Column / On Publishing Well – June 2019

Column: On Publishing Well
by Ashok R. Chandran

Concepts

Plan S: An initiative launched in September 2018 to make research open access and implement some principles in scholarly publishing.

Coalition S: A group of research funders favouring and pushing open access. Plan S is an initiative of Coalition S.

Article processing charge (APC): The fee that a journal asks you to pay to make your article open access, or in some cases, publish your article in the journal.

News

Plan S guidelines have been revised. The deadline for implementation has been postponed by one year to 2021. Also, there will be no immediate cap on article processing charges. See the news reports in Nature or Science.

FAQ

A journal is asking me to pay a ‘publication fee’ to publish my research article. Should I pay the Article Processing Charge (APC)?

Short answer: ‘No’. (But please also see my recommendations below.)

We see four types of journals today.

Type 1 (Open, No APC): Genuine journals that make your work open access and do not charge you any fee for publishing your research.

My recommendation: Submit your article for publication.

Type 2 (Hybrid): Genuine journals that do not charge any fee to publish your research, but ask you to pay their APC if you wish to make your article open access.

The fee is not to publish your article, but to make it open access. If you do not wish your article to be open access, or if you cannot afford the APC, your article will still get published in the journal.

My recco: Submit your article for publication. If APC is more than Rs. 20,000/- do not pay the APC. Scholars should not encourage exorbitant APCs.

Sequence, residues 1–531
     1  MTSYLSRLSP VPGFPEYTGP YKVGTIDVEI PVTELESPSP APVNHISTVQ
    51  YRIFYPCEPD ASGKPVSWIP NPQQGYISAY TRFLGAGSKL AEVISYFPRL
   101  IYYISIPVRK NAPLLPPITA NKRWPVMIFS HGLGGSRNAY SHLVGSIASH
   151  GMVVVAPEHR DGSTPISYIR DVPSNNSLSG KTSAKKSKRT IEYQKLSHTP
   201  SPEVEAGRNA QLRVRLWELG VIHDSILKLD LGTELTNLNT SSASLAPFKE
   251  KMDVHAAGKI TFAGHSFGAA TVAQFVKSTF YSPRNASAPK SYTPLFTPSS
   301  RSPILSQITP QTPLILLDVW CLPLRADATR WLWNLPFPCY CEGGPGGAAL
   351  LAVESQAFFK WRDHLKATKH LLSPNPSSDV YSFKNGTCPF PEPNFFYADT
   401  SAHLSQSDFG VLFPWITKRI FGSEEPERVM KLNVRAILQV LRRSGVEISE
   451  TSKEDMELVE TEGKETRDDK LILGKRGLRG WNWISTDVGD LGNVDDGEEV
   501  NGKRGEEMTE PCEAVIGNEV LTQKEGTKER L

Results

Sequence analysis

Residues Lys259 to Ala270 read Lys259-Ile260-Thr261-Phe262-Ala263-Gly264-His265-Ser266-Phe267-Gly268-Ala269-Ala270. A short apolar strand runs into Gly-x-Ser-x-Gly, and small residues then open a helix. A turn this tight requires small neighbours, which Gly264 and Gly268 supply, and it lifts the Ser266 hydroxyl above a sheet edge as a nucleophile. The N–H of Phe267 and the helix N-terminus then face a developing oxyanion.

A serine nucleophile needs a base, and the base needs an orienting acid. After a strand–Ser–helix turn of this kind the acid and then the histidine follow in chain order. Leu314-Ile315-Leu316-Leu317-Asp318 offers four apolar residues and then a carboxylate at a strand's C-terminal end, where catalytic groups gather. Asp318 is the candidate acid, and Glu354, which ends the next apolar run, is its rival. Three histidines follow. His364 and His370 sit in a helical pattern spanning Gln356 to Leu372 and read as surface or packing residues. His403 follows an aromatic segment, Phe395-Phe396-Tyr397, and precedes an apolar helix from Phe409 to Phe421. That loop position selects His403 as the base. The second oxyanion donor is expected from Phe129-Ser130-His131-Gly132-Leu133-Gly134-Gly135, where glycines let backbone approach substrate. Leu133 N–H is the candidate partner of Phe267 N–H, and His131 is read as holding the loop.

Type 3 (Open, APC): Genuine journals that make your article open access but charge you a fee. They do not have paid subscribers, and they charge authors to meet publishing costs or to make a profit.

My recco: Submit your article for publication if APC is Rs. 20,000/- or less. Scholars should not encourage exorbitant APCs.

Type 4 (Predatory): Fraud journals, which (usually) make your article open access, but charge you a fee.

My recco: Do not submit your article. Resist the temptation to pay-and-publish quickly for your promotion or PhD. The UGC is revisiting the rule that doctoral scholars should publish articles before being awarded PhD.

How can we know a particular journal’s Type? Spend an hour doing a preliminary assessment of the journal.

  • Skim through 2-3 articles to assess content quality.
  • Review the editorial board for familiar or respected names.
  • Confirm the credibility of the academic institution or professional society that hosts the journal.
  • Read editorial/publishing policies to know the APC amount and time usually taken for peer review.

If a journal takes pride in its lightning-speed peer review (e.g., less than three weeks), it is most likely to have a low APC (less than Rs 3,000). Such journals are almost certainly Type 4 (Predatory). Their interest is in getting your money ASAP.

It is easy to identify Type 1 and Type 2 journals because they do not insist on APC. The difficulty is usually in distinguishing between Type 3 and Type 4 journals.

How do we know whether a journal is genuine (Type 3) or not (Type 4)?

If your preliminary assessment did not give you a clear answer, use the guidelines at Think. Check. Submit. to assess a journal in detail.

The world of scholarly publishing is in a flux. New models for article publishing are emerging. So, stay abreast of developments and adopt a studied approach.

Add your comment at the Kerala Scholars Messenger website.

Ashok R. Chandran is a book editor and writing trainer. He serves as Publication Officer, Madras Institute of Development Studies, Chennai. Views expressed are personal.

CC BY 4.0 Ashok R. Chandran, 2019.

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